Cities also require a major reality check. “We import almost everything we need to live—food, gas, millions and millions of tons of raw materials to turn into condos, asphalt, at the expense of what was here before. Every city does this; it’s not unique. But it is unsustainable. And that means it will come to an end. Very soon, we will be competing for resources like drinking water,” Blunt cautions. Shirley residents, she notes, are already fighting to preserve the covenant on their drinking water, due to impending Bear Mountain-type development.
Victoria, she predicts, will be unrecognizable in 50 years. It could go one of two ways: In the worst case, developers who are finding it harder to make a buck “are going to get more desperate; they are going to resort to bully tactics more and more.” In the best case, “the municipal governments and the province wake up and realize we can’t continue to value development, infinite growth and the destruction of the natural environment over drinking water. And biodiversity. And wildlife. They seem to forget that these things are not free.”
VIC FAN’s mapping projects help communities like Shirley identify and protect their precious places, with the goal of creating buffer zones and linking wild areas like the Sea to Sea Greenbelt Society is doing. Says Blunt, “That’s a vision I’d like to work towards. And part of that is stopping the sprawl from going any further.” VIC FAN is also actively working to stop logging in the so-called Avatar Grove near Port Renfrew.
Blunt argues that creating more density within existing city boundaries is not the panacea some seem to think, for it just puts more pressure on the land for resources. Can we create truly sustainable cities, or are we fooling ourselves? She’s bemused by Langford’s rosy predictions of a local economy so strong it will enable most residents to walk to work in 30 years, and somehow manage 50 percent reductions in energy consumption in the same time frame of a projected doubling of population.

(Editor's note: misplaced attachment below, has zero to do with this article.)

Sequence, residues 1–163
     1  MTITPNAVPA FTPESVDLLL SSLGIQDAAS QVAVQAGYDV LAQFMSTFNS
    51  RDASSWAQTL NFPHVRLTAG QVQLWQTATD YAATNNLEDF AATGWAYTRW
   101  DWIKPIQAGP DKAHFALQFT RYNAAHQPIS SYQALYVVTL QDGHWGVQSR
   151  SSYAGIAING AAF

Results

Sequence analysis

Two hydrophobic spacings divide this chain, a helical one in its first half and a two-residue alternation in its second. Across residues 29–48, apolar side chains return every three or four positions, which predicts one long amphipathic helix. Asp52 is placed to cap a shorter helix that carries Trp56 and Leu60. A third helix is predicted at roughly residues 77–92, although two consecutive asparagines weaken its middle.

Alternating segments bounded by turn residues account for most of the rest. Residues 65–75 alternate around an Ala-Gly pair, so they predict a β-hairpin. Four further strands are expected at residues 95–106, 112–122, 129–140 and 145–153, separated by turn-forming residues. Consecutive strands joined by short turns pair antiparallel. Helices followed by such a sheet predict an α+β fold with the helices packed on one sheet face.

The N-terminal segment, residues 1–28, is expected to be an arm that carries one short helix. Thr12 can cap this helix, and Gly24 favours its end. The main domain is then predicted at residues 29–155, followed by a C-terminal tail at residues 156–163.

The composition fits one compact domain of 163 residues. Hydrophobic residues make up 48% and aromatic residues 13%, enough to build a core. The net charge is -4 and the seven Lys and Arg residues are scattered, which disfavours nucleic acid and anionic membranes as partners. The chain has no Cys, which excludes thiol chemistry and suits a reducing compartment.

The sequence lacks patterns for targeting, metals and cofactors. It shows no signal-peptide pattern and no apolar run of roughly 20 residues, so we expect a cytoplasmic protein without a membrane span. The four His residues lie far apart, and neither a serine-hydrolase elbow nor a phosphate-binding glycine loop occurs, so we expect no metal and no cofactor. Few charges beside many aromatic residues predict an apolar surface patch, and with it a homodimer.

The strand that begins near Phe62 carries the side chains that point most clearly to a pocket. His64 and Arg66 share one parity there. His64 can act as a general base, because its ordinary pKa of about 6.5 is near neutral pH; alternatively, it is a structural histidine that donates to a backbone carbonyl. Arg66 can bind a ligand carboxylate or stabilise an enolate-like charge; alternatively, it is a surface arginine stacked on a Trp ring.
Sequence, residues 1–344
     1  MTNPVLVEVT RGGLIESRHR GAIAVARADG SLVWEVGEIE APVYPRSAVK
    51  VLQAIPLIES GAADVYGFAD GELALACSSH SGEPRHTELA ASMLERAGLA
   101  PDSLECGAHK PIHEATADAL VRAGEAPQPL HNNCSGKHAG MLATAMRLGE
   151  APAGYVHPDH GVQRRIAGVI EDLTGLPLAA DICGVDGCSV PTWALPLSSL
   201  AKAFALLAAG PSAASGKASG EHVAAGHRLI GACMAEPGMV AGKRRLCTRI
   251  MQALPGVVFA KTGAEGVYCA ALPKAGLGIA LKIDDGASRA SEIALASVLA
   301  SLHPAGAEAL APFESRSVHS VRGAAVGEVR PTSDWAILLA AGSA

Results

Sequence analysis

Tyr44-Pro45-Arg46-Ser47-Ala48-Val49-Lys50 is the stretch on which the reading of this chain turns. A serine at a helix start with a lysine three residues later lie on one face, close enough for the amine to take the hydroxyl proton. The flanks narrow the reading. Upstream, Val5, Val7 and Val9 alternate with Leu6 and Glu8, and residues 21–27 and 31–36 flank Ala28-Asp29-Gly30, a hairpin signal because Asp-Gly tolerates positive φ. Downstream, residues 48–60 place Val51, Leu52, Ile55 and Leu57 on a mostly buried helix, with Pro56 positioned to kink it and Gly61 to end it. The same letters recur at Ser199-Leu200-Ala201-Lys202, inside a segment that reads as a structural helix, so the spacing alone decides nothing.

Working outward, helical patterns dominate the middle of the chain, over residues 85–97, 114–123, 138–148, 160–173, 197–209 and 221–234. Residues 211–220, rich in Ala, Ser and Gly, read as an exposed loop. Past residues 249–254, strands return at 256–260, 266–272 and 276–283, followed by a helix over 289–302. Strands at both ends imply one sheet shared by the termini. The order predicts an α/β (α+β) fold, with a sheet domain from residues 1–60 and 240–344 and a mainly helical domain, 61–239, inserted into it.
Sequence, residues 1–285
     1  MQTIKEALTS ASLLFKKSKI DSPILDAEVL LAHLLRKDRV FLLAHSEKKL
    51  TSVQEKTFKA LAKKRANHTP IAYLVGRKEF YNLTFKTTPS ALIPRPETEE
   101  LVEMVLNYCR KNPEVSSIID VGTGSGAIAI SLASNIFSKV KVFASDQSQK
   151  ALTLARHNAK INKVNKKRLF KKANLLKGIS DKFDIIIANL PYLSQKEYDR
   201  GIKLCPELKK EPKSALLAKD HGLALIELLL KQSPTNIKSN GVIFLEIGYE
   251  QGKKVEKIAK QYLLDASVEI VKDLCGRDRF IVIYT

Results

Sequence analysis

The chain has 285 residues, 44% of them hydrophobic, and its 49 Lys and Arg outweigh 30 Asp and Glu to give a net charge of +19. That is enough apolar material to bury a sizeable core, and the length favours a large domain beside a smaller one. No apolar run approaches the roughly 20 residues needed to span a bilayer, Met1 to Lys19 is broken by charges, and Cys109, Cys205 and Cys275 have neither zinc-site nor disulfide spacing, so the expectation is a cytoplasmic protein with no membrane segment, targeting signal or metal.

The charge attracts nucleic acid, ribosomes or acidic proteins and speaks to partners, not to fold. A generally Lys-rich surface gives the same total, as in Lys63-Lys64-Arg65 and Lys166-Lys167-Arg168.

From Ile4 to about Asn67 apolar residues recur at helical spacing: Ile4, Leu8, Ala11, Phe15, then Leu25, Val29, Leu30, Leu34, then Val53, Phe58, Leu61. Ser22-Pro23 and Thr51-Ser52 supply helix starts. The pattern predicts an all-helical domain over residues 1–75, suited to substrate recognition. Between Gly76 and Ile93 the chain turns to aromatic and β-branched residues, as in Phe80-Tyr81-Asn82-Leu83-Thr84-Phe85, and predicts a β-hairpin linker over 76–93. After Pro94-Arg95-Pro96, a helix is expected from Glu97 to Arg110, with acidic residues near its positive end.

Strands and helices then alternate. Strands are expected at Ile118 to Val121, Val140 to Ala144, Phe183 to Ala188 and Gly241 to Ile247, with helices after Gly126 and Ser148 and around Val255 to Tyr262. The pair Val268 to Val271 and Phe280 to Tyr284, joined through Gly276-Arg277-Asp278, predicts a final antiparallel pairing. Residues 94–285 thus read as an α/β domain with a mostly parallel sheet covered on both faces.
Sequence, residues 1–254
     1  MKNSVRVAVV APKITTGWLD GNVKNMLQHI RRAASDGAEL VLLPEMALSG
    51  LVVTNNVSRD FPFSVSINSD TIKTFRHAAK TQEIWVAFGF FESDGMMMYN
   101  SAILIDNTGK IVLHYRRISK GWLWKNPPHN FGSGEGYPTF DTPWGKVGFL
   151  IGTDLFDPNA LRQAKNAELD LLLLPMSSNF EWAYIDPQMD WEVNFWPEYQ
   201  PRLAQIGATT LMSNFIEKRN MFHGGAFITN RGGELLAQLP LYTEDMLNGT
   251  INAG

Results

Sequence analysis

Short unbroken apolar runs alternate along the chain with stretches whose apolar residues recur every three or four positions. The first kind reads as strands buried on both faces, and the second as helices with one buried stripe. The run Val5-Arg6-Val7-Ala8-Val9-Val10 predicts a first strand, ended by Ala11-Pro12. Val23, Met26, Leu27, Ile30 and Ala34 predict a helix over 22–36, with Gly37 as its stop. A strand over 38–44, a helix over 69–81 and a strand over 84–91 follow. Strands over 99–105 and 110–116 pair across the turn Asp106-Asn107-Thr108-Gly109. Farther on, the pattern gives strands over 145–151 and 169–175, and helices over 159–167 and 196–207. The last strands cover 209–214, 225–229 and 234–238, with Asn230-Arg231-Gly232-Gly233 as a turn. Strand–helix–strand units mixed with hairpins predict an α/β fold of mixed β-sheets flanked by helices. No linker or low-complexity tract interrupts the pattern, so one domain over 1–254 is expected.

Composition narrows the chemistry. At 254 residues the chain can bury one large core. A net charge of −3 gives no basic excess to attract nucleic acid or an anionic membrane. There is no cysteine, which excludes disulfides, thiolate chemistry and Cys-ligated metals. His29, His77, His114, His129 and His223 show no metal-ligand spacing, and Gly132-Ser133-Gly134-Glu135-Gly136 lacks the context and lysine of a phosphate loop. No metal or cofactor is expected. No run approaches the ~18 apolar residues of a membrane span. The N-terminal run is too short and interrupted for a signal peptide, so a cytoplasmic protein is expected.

And anyway, “all of us in Victoria could give up our cars, plant gardens, wear recycled clothes and use fluorescent light bulbs for the rest of our lives, but the toxic output of the tar sands would offset all those gains in about a day. We should still do all those things, but let’s not delude ourselves. We need to shut down the damn tar sands. And the offshore oil wells, while we’re at it. And the fish farms. And the clearcuts. And the run-of-river projects. It’s such a fascinating time to be an activist in BC. There’s no shortage of things to do.”
Where to start? “The places that are important to you; you need to get to know them and work to protect them,” says Blunt. “That means going to your local zoning and planning committee, your local city council meetings; it means reading all those agendas, staff reports and developers’ proposals and finding ways to slow that down, stop it, get more amenities, get a compromise, send it back to the drawing board.”
From her hammock in the aforementioned ancient hemlock, Blunt mused on the ephemeral nature of human life, while her view of the clearcut showed our disproportionately infinite potential for damage. There are no easy solutions, but if we are going to find a way out of the corner we have painted ourselves into, or even just hold the line, we must remember, says Blunt, “our connections to each other, to the land, to our culture—a culture of compassion and community, where it’s not just dog-eat-dog, not just every man for himself. Those are the values we need to hang onto.”
Aaren Madden is looking forward to taking her kids to see the great, gnarly trees that VIC FAN is fighting to protect in Avatar Grove. For a map to these giants, or to donate, go to http://forestaction.wikidot.com. Zoe Blunt blogs at www.wtflangford.blogspot.com.